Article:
I can't use it for more than 20 minutes at a time due to the volume.

            P

            On 6 Oct 2010, at 7:13 AM, CaseyM wrote:

            > I would suggest you have it rebuilt. Finding a replacement motor may be difficult. When I had my Vandercook Uni l motor rebuilt the cost was $350.00.
            >
            > Casey
            > Inky Lips Letterpress
            >
            >

            Peter Fraterdeus
            Exquisite letterpress takes time™
            http://slowprint.com/

            IdeasWords : Idea Swords
            Communication Strategy
            Semiotx.com  @ideaswords



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          • Kim Vanderheiden
            I went through this twice on my Vandercook 4. The first time we opened the old engine and noticed there was a beautiful brass gear which was crushed. We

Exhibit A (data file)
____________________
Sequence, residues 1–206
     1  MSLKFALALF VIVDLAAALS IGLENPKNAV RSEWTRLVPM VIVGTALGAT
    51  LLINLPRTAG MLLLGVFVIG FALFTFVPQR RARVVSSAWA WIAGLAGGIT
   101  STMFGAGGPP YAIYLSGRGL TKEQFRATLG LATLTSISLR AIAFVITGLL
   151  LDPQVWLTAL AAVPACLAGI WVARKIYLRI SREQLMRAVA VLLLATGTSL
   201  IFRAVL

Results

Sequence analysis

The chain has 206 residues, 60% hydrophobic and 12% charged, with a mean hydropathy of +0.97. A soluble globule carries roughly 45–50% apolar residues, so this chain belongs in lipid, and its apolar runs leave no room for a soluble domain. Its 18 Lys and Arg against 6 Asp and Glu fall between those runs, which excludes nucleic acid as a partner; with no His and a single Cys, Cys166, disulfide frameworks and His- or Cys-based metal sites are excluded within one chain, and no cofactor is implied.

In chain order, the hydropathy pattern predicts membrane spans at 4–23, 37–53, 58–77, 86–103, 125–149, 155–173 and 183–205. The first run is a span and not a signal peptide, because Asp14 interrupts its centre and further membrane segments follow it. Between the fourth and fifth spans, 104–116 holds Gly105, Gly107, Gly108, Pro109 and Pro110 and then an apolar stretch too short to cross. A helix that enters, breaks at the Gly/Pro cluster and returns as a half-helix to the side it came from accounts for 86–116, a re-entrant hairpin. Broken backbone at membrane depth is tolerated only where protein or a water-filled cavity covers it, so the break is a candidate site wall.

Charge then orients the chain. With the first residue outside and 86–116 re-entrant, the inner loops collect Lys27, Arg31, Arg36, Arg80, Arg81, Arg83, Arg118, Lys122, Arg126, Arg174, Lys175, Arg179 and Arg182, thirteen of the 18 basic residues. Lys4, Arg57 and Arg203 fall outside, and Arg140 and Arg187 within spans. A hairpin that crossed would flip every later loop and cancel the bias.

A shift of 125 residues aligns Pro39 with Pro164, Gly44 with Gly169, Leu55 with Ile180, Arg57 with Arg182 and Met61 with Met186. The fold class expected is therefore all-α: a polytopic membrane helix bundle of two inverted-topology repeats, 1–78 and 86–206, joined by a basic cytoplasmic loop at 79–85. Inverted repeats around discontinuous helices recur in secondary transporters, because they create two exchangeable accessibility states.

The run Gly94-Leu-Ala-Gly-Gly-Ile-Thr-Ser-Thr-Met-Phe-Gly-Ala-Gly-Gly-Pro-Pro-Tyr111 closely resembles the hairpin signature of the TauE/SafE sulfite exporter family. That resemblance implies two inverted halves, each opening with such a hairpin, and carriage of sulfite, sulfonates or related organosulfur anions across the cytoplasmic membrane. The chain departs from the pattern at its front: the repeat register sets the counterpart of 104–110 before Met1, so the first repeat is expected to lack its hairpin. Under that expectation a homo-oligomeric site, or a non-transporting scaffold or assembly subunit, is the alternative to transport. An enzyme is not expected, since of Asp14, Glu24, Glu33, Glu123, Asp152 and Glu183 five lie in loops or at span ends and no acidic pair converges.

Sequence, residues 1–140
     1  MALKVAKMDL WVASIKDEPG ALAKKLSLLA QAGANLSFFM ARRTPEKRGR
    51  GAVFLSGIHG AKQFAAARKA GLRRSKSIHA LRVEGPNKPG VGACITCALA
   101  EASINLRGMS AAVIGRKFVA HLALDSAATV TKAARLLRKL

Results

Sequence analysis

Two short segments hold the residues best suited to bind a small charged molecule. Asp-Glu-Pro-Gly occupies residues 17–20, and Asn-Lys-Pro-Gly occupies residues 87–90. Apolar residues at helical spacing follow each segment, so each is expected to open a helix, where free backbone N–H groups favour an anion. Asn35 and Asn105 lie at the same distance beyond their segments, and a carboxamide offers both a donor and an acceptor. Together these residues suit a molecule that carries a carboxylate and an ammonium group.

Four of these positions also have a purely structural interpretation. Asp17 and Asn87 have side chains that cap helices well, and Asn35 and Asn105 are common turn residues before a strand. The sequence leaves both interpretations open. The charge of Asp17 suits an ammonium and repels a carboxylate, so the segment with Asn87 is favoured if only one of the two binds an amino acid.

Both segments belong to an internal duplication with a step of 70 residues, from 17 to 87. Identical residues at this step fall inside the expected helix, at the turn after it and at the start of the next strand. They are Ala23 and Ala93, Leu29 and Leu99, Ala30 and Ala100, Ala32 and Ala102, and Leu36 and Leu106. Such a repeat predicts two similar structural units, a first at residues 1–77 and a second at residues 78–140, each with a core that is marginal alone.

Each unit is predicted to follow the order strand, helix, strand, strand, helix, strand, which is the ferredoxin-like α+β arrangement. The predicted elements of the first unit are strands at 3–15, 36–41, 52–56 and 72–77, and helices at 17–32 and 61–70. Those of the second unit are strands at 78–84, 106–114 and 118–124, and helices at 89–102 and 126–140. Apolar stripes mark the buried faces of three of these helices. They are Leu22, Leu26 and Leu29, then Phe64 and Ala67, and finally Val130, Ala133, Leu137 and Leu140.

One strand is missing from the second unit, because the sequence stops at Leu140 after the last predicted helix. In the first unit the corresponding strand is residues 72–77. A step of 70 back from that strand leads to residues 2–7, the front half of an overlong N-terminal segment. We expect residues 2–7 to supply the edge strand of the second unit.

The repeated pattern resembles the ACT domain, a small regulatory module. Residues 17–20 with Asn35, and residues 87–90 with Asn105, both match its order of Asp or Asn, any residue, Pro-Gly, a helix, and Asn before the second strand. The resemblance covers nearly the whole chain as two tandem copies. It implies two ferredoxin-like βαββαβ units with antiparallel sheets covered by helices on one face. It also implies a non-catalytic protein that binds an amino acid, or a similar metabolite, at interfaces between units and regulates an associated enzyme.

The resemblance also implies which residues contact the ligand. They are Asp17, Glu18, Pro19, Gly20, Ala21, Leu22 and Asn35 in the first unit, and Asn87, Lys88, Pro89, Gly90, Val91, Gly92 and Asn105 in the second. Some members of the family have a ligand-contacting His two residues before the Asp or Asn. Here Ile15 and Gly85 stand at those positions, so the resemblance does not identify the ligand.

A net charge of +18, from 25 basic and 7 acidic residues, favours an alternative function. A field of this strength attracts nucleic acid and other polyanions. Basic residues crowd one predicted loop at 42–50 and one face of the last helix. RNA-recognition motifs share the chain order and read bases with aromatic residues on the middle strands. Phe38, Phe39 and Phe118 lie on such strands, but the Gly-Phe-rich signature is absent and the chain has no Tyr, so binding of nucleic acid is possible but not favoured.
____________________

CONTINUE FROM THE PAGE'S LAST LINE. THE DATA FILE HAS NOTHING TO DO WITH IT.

Message 5 of 9 , Oct 6, 2010
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              I went through this twice on my Vandercook 4. The first time we opened the old engine and noticed there was a beautiful brass gear which was crushed. We machined a new gear, but within a year or so, we were having problems again.  The second time we just replaced the motor with a small one from Grainger. I'm not at the studio right now, but I can look up the model. As you've probably already discovered, the function of the motor is pretty simple. It just drives a bicycle chain that turns the ink drum. We've had no trouble with our motor since replacing it. We have had some issues with rollers chattering against eachother, but this seems to be caused by long time wear in the bearings and gears. I don't sense that it's caused by the specific speed that the motor turns the chain.